In his fatherhood and gender equity talk, Gary Barker describes how the former is a catalyst for the latter. He contends that mens' participation in care work is incredibly crucial. Barker interviewed several low-income men with gang associations, situated in the US and Rio de Janeiro. His studies revealed that the men who were able to disengage from that dangerous lifestyle were those who fostered a connection and responsibility to someone else, whether it be a child, an aging parent or a disabled relative. It follows, then, that engaging in care-work can be a pathway for organizing ones' life differently.
Furthermore, care work can be a serious preventative measure for violence against women. In fact, the most significant reduction in domestic violence has occurred in Norway, following an ambitious gender experiment that granted men two-month paternity leave.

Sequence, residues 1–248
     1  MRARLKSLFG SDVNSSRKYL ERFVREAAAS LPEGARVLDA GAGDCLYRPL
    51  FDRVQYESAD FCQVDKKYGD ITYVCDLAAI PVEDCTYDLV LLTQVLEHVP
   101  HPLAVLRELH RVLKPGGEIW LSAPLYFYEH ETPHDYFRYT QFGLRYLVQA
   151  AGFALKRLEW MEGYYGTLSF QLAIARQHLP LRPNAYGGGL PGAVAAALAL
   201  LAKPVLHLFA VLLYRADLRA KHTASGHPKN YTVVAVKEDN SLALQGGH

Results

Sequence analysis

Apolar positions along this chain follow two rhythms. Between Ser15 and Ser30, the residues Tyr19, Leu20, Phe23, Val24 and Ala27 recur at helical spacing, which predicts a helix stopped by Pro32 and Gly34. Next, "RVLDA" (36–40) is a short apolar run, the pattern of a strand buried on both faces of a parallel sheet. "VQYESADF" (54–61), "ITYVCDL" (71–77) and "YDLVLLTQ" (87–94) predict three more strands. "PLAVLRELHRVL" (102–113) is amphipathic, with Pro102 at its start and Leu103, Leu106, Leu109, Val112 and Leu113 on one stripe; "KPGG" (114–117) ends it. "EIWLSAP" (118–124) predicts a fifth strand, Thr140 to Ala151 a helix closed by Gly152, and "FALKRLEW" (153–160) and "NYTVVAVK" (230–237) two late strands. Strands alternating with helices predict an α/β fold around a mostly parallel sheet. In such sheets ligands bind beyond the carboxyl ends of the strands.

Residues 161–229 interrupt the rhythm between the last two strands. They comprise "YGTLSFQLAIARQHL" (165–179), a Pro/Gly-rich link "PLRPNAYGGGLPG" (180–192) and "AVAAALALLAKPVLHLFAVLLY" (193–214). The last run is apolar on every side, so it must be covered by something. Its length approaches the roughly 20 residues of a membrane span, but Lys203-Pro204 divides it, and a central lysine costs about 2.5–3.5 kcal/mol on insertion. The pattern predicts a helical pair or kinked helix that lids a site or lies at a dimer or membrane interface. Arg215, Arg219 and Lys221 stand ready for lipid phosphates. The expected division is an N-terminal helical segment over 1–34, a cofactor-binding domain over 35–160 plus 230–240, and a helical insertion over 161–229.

Barker puts forth the notion that we can't make a better (less poor and more equal) world unless we include men in the care-giving process. We need to break down the notion that women do less paid, less important work ("care work") compared to mens "real" work. If we continue to follow this paradigm, we only create careless men who lose the ability to connect. Care work, as Barker notes, is neither inherently male nor female, but an endeavor that makes us human.